MIT Media Lab Director Joi Ito resigned from his position Saturday after The New Yorker revealed the research center tried to hide donations tied to disgraced multi-millionaire Jeffrey Epstein for years.
The financier was labeled as a “disqualified” donor in official MIT documents after the elite science and technology school became aware of his history as a convicted sex offender after 2008, but the Media Lab continued to accept donations from Epstein and mark them as “anonymous,” emails obtained by The New Yorker revealed Friday.
“After giving the matter a great deal of thought over the past several days and weeks, I think that it is best that I resign as director of the media lab and as a professor and employee of the Institute, effective immediately,” Ito said in an email Saturday, the New Yorker reported.
And there we have it. Still anxious to hear what this means for Joi’s board seat at Tech Review. I’m not going to rest easy until I get full confirmation that he’s off. https://t.co/5gXcVSAsPy
— Karen Hao (@_KarenHao) September 7, 2019
MIT President L. Rafael Reif announced on Saturday that the school’s general counsel would open an investigation into the case “because the accusations in the story are extremely serious” and “demand an immediate, thorough and independent investigation.”
— Massachusetts Institute of Technology (MIT) (@MIT) September 7, 2019
Epstein garnered $7.5 million in donations for the Media Lab — $2 million of which was solicited from Bill Gates and $5.5 million was solicited from investor Leon Black, The New Yorker reported, citing records and accounts from current and former Media Lab faculty.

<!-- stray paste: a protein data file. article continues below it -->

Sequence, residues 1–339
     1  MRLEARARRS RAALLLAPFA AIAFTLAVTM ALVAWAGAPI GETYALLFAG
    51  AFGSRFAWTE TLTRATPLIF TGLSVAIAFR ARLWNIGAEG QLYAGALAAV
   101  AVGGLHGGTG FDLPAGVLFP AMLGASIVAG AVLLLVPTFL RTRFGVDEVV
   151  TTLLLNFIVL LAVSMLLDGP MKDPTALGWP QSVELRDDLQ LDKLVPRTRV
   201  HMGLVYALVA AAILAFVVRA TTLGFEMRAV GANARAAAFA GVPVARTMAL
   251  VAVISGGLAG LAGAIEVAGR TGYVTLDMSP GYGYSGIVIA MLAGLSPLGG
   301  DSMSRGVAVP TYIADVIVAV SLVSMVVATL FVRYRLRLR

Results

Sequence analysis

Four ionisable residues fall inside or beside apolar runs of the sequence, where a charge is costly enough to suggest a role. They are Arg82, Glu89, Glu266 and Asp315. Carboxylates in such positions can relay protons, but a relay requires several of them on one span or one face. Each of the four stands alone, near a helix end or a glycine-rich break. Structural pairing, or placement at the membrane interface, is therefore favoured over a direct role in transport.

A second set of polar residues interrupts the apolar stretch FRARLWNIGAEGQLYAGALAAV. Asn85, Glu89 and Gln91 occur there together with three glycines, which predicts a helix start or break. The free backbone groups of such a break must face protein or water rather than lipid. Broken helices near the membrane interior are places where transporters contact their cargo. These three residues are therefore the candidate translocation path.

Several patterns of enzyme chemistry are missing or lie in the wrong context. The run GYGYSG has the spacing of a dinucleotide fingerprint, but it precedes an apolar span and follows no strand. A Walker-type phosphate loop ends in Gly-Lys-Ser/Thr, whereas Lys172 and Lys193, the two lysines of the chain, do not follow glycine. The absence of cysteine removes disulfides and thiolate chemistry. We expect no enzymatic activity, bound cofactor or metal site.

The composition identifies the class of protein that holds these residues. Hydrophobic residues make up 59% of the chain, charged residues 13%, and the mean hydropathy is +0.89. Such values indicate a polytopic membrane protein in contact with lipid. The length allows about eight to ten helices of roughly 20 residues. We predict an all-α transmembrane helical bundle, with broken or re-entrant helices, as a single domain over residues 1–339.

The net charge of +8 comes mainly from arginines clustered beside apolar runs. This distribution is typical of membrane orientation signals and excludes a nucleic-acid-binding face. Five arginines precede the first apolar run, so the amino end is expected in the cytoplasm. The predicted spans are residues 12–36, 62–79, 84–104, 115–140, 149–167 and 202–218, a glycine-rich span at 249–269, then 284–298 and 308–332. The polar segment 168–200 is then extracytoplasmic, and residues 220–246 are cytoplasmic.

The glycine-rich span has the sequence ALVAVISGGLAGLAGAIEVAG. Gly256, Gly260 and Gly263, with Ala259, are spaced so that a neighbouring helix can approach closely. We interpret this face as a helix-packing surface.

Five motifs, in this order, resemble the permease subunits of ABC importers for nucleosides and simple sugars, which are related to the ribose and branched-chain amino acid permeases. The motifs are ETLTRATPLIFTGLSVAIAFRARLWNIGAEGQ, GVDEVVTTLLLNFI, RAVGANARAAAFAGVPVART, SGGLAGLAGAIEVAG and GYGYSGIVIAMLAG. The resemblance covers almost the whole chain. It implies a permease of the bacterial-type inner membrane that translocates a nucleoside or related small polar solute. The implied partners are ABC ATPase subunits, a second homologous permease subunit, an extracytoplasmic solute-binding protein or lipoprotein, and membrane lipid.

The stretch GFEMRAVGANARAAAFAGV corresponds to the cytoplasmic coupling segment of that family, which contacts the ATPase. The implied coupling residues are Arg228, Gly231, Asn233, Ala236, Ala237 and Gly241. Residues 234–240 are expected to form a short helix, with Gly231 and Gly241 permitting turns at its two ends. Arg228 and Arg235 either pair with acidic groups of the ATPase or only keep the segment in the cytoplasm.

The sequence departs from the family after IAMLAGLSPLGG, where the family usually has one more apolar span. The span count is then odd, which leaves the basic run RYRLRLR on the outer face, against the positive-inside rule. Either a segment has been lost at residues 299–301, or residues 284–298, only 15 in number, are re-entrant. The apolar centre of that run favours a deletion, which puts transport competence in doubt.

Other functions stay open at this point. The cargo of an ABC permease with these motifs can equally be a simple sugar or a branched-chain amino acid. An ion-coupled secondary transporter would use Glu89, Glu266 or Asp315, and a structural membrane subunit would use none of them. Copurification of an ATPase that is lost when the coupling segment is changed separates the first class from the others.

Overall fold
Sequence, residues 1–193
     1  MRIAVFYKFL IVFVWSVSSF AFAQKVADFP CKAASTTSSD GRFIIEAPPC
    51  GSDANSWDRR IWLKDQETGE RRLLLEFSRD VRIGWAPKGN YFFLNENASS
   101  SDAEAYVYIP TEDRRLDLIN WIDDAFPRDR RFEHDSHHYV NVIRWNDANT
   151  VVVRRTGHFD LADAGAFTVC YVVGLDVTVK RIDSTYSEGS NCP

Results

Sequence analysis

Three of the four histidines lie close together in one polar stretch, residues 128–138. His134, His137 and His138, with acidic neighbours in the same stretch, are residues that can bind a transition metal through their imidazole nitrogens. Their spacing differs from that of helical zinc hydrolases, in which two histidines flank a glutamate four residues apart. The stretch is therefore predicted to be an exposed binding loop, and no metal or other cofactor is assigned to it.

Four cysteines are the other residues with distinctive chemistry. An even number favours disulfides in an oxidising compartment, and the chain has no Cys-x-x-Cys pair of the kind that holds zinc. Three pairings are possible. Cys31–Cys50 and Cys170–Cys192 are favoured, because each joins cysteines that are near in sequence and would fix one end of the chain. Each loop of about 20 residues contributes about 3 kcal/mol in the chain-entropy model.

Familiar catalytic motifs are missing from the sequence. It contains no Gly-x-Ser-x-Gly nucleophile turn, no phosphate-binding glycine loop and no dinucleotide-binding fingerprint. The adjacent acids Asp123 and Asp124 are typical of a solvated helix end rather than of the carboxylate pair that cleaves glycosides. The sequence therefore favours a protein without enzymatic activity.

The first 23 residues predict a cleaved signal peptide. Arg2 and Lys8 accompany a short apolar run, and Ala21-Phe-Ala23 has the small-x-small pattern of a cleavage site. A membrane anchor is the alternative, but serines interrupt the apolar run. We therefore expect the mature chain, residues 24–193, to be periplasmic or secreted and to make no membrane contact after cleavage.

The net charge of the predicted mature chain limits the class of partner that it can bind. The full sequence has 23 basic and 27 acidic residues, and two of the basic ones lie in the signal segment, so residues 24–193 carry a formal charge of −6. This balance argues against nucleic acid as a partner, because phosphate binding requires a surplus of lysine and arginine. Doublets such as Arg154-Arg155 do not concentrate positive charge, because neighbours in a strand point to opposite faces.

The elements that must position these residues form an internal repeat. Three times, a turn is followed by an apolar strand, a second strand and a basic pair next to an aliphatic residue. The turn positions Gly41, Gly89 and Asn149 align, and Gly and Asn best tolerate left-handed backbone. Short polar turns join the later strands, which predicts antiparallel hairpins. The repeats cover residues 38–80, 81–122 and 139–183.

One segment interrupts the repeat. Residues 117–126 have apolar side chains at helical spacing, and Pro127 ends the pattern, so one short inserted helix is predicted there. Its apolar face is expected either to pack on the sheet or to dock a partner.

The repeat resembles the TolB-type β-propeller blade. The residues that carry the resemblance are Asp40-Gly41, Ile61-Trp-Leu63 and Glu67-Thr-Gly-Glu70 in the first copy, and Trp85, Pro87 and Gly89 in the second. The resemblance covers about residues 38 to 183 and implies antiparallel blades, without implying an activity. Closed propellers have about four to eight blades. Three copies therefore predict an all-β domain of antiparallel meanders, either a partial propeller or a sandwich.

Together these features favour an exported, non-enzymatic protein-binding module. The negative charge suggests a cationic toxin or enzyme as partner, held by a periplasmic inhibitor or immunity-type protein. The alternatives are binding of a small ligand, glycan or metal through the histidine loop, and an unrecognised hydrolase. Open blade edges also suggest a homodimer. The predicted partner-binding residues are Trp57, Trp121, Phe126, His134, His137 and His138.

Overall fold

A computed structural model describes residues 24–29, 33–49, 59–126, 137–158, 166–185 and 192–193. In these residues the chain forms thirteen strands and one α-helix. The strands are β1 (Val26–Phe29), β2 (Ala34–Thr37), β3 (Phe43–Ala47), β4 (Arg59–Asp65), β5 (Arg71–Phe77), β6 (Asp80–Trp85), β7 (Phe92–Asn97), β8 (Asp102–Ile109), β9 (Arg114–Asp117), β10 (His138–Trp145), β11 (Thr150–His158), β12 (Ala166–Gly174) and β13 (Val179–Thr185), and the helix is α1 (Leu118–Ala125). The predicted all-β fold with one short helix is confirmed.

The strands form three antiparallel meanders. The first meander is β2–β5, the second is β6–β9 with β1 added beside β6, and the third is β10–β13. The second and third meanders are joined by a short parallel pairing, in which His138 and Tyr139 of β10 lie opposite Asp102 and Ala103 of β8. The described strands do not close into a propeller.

The donations from Black and Gates were described as “directed” by Epstein or made on his behalf.
Ito asked Epstein to “re-up/top-off with another $100K so we can extend his contract another year,” in a 2014 email obtained by The New Yorker, to which Epstein replied, “Yes.” He then forwarded Epstein’s response to a colleague making sure the donation was “accounted for as anonymous.”
MIT Media Lab Director of Development and Strategy Peter Cohen similarly wrote in an email, “Jeffrey money, needs to be anonymous. Thanks.”
Reif apologized for the donations in an August statement but did not describe the extent of Epstein’s donations or mention how they were hidden under an “anonymous” donor label.
“With hindsight, we recognize with shame and distress that we allowed MIT to contribute to the elevation of his reputation, which in turn served to distract from his horrifying acts. No apology can undo that,” Reif wrote.
Epstein hanged himself in August after he was sentenced to life in prison on sex trafficking charges in July. The charges came about 11 years after he was given a plea deal to avoid federal charges in 2008, after pleading guilty to charges of solicitation of prostitution and procurement of minors for prostitution.
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